Then the previous steps are performed for all the other service pages, i.e., P11 through P1k, P21 through P2k, . . . and P(n-1)1 through P(n-1)k. The reference pages remain reserved in this embodiment, i.e., they are not used for storing actual data.

According to another embodiment of the present invention, the reference pages are also used for storing actual data; however, this requires additional measures.

It is assumed here that all service pages P11 through P1k, P21 through P2k, . . . and P(n-1)1 through P(n-1)k are properly programmed.

Prior to programming the first reference page Pn1, it is determined whether unprogrammed memory cells corresponding to the respective memory cells of the first reference page Pn1 are present in programmed service pages P11 through P(n-1)1.

If so, one such unprogrammed memory cell is established for each corresponding memory cell of first reference page Pn1.

If no unprogrammed memory cell can be found in one of programmed pages P11 through P(n-1)1 for some memory cell of first reference page Pn1 to be programmed, this causes no problem, since even overprogramming would cause no error or data loss.

Then the memory cells of first reference page Pn1 is programmed and subsequently the unprogrammed memory cells found of the programmed service pages P11 through P(n-1)1 are read.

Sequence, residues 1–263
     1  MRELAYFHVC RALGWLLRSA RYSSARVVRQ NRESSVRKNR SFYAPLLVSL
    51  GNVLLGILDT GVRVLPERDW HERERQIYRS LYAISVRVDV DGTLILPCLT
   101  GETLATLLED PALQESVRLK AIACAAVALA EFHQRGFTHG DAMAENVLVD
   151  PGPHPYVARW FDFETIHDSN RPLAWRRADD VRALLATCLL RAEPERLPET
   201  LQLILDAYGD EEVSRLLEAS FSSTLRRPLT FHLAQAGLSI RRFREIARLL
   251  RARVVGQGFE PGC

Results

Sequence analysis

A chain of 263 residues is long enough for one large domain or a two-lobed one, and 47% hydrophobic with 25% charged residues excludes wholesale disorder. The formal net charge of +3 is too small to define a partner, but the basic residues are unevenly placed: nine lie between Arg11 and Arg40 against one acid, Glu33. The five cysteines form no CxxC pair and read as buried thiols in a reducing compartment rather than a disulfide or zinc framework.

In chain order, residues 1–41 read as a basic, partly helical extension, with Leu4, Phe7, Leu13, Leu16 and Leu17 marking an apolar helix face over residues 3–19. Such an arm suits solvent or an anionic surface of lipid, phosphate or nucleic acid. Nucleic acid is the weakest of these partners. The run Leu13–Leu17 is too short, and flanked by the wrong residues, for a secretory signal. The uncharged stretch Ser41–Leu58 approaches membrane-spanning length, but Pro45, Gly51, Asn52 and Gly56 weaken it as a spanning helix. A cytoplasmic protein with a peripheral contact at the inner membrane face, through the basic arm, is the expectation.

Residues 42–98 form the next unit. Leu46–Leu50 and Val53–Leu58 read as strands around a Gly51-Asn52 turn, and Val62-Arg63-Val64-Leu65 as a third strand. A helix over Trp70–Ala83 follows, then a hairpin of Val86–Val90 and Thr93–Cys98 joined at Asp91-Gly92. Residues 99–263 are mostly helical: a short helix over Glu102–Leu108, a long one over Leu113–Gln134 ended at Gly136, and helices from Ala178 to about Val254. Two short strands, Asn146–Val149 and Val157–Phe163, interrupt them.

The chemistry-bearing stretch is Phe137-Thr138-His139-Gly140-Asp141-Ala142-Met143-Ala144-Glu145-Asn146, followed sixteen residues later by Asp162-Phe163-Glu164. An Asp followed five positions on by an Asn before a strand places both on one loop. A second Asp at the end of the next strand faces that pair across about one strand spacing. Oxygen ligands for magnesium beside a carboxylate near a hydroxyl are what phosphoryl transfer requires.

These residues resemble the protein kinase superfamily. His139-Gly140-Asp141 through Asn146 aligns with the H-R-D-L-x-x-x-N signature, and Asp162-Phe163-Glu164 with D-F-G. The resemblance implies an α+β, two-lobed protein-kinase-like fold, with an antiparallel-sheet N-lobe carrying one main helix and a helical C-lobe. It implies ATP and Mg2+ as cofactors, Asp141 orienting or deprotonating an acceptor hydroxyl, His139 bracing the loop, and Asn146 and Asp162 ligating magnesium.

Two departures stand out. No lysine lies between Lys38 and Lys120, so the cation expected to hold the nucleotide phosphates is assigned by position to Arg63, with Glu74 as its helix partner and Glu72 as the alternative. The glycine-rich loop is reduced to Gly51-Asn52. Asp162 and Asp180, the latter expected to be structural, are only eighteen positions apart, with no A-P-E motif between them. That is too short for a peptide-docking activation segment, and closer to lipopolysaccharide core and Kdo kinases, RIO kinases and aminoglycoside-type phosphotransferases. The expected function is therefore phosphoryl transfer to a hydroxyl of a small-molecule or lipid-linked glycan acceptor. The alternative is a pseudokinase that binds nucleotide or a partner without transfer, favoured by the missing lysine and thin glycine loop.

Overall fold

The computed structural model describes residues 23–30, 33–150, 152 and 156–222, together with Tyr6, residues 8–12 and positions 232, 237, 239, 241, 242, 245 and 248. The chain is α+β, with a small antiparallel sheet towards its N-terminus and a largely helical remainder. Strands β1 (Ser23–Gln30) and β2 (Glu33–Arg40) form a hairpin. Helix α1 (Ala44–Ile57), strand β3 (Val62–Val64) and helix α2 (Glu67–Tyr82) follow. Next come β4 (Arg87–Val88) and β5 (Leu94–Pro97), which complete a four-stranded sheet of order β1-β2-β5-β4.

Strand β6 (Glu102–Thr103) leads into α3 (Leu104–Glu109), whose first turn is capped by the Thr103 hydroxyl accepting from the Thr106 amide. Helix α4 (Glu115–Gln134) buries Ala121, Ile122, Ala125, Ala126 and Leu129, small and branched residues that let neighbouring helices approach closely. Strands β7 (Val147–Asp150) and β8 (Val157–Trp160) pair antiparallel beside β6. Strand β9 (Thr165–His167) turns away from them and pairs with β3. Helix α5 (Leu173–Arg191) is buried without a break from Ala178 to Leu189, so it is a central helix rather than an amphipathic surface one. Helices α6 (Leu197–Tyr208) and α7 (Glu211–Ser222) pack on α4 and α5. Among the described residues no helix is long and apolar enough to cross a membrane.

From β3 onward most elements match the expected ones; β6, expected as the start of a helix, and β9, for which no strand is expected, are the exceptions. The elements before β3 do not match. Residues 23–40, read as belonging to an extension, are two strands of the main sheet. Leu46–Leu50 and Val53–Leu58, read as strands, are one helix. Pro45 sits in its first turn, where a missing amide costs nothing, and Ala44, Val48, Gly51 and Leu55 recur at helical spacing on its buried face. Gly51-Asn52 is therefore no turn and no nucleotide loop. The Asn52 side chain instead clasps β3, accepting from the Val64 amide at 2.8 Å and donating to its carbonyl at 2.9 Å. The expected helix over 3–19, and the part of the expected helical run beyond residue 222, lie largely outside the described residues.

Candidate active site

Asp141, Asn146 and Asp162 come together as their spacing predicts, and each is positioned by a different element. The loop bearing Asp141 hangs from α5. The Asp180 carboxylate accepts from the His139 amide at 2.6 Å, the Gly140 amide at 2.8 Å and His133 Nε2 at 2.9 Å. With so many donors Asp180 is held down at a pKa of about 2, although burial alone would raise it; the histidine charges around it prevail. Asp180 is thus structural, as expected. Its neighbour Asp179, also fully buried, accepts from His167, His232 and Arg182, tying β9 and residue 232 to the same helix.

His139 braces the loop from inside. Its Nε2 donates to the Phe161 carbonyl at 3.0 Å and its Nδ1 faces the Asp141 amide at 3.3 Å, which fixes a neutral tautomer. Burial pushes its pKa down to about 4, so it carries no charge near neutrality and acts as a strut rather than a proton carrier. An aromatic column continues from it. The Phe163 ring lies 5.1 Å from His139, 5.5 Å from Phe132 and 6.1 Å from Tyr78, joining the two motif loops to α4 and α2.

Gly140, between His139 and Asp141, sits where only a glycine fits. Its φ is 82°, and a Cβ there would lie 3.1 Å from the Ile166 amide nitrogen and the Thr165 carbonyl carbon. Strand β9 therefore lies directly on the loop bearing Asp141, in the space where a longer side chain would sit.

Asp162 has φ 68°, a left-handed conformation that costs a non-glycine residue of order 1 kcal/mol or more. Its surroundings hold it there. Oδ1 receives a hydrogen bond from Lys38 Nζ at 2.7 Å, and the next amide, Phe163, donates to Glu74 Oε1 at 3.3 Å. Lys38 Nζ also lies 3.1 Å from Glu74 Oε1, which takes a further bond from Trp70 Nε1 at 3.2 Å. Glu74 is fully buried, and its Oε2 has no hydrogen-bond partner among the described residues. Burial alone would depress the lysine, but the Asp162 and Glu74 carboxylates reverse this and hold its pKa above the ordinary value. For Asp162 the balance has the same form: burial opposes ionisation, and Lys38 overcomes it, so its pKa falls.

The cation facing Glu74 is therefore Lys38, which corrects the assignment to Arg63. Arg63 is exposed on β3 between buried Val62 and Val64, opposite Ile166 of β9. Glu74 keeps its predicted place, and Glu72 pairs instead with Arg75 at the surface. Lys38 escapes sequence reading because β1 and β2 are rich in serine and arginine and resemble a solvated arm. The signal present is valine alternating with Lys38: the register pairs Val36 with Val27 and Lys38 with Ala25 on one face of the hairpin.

It is determined whether the programmed memory cells of the reference page has one or more erroneously programmed memory cells as was done in programming the service pages.

Also in this second embodiment block 20b is erased and reprogrammed if it is established that the programmed memory cells of first reference page Pn1 have at least one erroneously programmed memory cell.

The remaining reference pages Pn2 through Pnk are programmed in the same manner.

The above description of the first and second embodiments assumed that the data of block 20b to be programmed are fully available during page-by-page programming. If this is not the case, the current contents of a service page must be saved in an auxiliary memory, e.g., a RAM, or in another unused subblock of the same block 20b or of another block 20a, 20c, or 20d prior to programming.

Overprogramming of memory cells is caused by too many or too high programming pulses during programming. Therefore, according to another embodiment of the present invention, at least one such programming parameter, in particular the aforementioned number or amplitude of the programming pulses, is changed if it is determined that the programmed memory cells of a service page or of a programmed reference page have at least one overprogrammed memory cell.